Editor’s note: This is adapted from a spring 2011 talk to gifted middle school students who were part of Duke’s Talent Identification Program. Leadership Education at Duke Divinity teaches Christian leaders about strengthening their vocations and institutions by learning integrative thinking, balancing tradition and innovation, and cultivating thriving communities. Though the concepts are large, Jones presented them with a few remarkably simple words and symbols tailored for his audience.
Congratulations on your accomplishments thus far. It is a great day to be in Cameron Indoor Stadium to celebrate all that has brought you to this place. I hope you will remember this day for the rest of your lives.
This is only the beginning for you. There are lots of people who are talented but who don’t ever really develop and utilize their gifts and talents. The key difference between those who are talented and don’t ever really develop and those who maximize their talents is a commitment to developing the habits of a lifetime that will make a difference.
I want to think with you today about three powerful concepts. The first one is a very simple word: “and.” As you think about your own academic study, your own life, your own leadership, I urge you to think in ways that are integrative.
The world that you will eventually inherit from my generation -- your parents’ generation -- is a world that has made lots of mistakes by “either-or” thinking, by opposition.
The greatest intellectual challenges, the greatest discoveries, the greatest opportunities that you can have in your study as well as your life and leadership are going to be found not by thinking “this or that” but by learning how to think opposing ideas together.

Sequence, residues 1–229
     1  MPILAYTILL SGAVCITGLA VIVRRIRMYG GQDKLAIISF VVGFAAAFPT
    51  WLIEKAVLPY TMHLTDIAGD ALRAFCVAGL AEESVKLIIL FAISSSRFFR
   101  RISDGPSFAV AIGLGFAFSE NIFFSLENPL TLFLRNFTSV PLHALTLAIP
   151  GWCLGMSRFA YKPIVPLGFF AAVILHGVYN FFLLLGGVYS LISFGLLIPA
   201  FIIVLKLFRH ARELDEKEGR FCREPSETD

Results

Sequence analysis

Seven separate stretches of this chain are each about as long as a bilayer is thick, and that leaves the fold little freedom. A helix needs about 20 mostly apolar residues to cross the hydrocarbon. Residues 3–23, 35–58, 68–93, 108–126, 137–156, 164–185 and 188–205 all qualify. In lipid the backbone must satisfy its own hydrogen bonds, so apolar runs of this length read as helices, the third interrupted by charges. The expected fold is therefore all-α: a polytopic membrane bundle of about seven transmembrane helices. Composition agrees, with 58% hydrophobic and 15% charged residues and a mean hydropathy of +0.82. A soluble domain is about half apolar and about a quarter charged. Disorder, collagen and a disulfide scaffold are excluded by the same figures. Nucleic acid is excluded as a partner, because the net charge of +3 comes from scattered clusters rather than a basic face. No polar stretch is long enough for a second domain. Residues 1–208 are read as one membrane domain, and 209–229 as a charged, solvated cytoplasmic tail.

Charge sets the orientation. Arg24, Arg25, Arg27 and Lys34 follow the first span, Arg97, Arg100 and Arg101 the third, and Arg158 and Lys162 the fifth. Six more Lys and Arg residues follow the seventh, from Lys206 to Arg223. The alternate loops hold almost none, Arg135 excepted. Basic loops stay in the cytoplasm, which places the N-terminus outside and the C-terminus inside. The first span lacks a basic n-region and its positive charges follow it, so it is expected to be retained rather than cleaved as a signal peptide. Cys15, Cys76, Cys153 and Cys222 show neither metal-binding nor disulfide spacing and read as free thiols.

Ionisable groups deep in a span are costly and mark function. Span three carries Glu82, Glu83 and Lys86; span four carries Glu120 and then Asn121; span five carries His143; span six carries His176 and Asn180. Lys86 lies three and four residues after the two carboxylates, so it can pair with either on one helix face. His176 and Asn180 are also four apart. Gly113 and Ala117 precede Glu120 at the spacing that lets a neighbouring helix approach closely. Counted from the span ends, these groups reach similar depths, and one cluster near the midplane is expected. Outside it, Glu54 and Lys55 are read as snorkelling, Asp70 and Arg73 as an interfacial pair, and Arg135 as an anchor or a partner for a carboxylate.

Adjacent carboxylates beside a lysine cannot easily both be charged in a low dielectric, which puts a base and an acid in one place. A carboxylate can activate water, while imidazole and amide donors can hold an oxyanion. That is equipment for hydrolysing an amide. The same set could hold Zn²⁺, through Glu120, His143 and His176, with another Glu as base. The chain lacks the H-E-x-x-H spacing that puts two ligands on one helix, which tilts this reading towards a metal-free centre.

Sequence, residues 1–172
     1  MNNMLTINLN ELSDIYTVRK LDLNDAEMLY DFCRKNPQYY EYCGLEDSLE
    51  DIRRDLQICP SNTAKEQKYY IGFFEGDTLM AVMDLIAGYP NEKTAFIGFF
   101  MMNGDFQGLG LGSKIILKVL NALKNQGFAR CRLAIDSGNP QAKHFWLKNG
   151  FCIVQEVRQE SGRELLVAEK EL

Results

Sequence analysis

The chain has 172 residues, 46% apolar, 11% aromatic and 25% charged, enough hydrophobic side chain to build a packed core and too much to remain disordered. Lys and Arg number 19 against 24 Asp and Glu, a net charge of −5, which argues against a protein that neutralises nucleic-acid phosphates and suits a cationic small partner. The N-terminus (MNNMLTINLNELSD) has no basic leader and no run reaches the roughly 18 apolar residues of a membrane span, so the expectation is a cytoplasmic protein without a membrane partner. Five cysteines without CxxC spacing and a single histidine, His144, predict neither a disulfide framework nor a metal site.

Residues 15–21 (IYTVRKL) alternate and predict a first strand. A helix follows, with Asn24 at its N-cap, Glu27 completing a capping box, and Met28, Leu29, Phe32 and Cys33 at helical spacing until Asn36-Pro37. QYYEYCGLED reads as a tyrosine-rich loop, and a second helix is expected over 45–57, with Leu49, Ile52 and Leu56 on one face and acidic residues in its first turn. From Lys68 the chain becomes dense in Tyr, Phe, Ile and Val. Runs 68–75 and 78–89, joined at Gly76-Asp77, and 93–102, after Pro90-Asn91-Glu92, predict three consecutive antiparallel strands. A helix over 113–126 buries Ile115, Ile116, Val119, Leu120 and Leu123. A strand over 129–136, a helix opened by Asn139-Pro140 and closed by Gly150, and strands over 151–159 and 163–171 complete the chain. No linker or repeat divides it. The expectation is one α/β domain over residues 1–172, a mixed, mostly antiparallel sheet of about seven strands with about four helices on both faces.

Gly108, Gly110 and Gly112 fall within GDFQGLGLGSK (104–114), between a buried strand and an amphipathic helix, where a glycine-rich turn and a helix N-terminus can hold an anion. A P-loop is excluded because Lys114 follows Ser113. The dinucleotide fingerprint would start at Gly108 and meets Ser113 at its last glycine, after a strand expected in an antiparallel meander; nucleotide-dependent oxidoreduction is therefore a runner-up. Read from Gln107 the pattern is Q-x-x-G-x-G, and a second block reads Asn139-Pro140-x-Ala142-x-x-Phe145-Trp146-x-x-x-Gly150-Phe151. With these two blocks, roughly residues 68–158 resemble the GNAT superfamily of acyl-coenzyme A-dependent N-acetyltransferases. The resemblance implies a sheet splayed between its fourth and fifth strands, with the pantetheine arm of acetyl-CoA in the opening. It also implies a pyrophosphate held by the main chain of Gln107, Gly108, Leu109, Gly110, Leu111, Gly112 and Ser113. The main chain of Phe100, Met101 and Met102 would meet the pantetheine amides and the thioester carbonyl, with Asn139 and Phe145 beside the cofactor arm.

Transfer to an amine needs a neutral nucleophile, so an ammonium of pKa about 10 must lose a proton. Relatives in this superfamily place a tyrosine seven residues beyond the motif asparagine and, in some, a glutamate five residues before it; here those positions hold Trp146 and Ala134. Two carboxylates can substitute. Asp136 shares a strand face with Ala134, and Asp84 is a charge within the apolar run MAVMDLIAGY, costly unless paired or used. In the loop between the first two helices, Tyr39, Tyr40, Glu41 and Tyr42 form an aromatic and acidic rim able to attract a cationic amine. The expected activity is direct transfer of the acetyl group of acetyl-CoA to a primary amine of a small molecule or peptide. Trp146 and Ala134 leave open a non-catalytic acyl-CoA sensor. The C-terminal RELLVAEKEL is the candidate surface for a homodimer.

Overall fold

If your inclination is in the sciences, spend time figuring out the links to the humanities. If you love to read novels, spend time looking at the brain and what neuroscience is telling us about the connections of emotions and the mind. Whatever your vocation, find ways to connect.
You will need to seek connections not just in your thoughts and ideas but with other people. Duke’s Coach Krzyzewski says that if you think about only one -- yourself -- you’re going to be pretty weak, because, like a single finger, a lone individual can be broken pretty easily. It’s when all five fingers, all five digits, come together into a fist that you really have extraordinary strength -- that’s the significance of a team.
The 2010 Duke team that won the men’s basketball national championship was not the most talented team Duke has ever had. Most people didn’t even think it was the most talented team in that year’s tournament. But Duke won because the players thought in terms of “and.” They knew how to work as a team.